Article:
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The elaborately embossed and etched decoration of the peytral (chest defense) includes an abbreviated inscription that may be interpreted: 1548 K[rist] I[ch] T[rau] G[anz] V[nd] G[ar] H[ans] E[rnst] H[erzog] Z[u] Sachsen (1548 In Christ I trust wholly, Hans [Johann] Ernst, Duke of Saxony).
Duke Johann Ernst (1521–1553) may have commissioned the horse armor for his attendance at the Diet of Augsburg, a political assembly of the German nobility called in 1548 by Charles V to deal with the crisis of the Reformation. "Presented by the Curatorial Staff." In Art Treasures of the Metropolitan: A Selection from the European and Asiatic Collections of The Metropolitan Museum of Art, edited by Marshall Davidson.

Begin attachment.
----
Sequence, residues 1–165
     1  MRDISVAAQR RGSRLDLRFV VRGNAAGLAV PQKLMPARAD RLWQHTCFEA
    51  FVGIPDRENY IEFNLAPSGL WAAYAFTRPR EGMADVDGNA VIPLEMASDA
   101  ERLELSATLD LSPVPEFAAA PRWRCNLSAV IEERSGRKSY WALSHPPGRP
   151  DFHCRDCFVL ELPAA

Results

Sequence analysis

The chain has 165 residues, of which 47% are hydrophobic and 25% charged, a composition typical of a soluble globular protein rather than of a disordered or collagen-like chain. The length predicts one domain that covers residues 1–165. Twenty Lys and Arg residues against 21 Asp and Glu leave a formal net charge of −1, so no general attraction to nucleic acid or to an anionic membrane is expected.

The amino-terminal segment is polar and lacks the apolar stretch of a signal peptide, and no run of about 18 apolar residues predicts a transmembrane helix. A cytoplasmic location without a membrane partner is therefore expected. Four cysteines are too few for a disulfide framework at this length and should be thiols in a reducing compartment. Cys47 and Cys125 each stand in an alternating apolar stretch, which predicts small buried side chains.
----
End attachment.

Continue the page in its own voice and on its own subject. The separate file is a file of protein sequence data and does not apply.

Inscription: Inscribed on the central plate of the peytral (horse's chest defense): 1548 K[rist] I[ch] T[rau] G[anz] V[nd] G[ar] H[ans] E[rnst] H[erzog] Z[u] Sachsen (1548 In Christ I trust wholly, Hans [Johann] Ernst, Duke of Saxony); in cartouche on the cantle plate, appears to be purposely effaced: possibly I M I, which may be the initials of the etcher; on the pommel of the saddle: K L.
The armor was originally part of a small garniture that included exchange elements for field and tournament use.
Restorations include the cuirass and the gauntlets.